The EEOC recently made its first update to its workplace pregnancy discrimination guidelines in nearly 30 years. The new guidelines expand the employment protection of women due to pregnancy, childbirth, or a medical condition related to pregnancy or childbirth and make it clear that the EEOC expects employers to make the same accommodations that it would make to any other employee who was temporarily disabled. Under the new guidelines, refusal to do so would be grounds for further action. The new guidelines provide more explicit rules on how employers must accommodate these workers. The update was passed after a close vote by the EEOC, but could be affected by a US Supreme Court case coming up in the Court’s next session. For more information concerning the EEOC or the new guidelines, please call 937-223-1130 or email Kristina Curry or Matt Stokely.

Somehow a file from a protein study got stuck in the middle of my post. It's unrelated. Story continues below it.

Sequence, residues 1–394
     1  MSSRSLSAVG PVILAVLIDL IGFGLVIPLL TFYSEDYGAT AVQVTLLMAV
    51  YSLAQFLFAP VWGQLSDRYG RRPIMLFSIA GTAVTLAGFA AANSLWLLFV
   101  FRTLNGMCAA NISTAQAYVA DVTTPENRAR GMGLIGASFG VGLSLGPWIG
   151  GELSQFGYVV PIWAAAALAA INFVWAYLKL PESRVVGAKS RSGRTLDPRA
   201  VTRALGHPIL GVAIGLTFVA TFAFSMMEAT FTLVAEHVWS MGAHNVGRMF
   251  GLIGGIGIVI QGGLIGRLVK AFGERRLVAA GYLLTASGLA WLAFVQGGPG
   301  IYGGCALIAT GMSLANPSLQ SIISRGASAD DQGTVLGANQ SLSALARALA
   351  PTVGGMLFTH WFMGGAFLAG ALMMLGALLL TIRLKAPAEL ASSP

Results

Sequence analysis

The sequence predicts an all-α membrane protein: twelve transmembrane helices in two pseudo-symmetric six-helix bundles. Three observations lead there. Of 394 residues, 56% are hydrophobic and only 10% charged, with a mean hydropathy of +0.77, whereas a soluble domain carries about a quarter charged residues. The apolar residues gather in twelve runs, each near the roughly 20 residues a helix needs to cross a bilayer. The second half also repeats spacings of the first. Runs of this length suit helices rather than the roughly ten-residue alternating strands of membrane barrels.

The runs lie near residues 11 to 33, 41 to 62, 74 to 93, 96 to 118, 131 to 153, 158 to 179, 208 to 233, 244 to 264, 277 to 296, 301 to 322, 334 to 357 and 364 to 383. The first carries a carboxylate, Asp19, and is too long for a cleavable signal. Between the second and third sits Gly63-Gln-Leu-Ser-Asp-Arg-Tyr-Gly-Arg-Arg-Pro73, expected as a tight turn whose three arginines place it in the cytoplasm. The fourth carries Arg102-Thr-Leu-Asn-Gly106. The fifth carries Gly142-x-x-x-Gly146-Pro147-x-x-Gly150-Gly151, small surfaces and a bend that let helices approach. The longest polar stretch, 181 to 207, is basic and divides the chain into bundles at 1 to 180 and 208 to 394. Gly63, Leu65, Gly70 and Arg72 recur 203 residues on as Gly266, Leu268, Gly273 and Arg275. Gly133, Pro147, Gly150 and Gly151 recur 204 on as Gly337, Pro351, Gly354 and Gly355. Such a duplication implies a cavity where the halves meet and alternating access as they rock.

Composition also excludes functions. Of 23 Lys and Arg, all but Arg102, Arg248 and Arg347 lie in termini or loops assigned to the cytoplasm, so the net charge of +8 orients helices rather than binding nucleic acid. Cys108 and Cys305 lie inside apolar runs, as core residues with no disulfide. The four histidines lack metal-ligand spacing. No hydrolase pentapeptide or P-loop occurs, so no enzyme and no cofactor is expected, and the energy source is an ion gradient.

AND ONE MORE THING. The Federal Court of Appeals for the Ninth Circuit, reversing a district court, has held that FedEx drivers in California are employees, not independent contractors, in an action brought by the drivers under the California Labor Code and the Family Medical Leave Act for employment expenses and unpaid wages. For more information or assistance regarding proper classification of workers as employees or contractors for tax, workers compensation, wage and hour or other purposes, please contact Jeff Senney.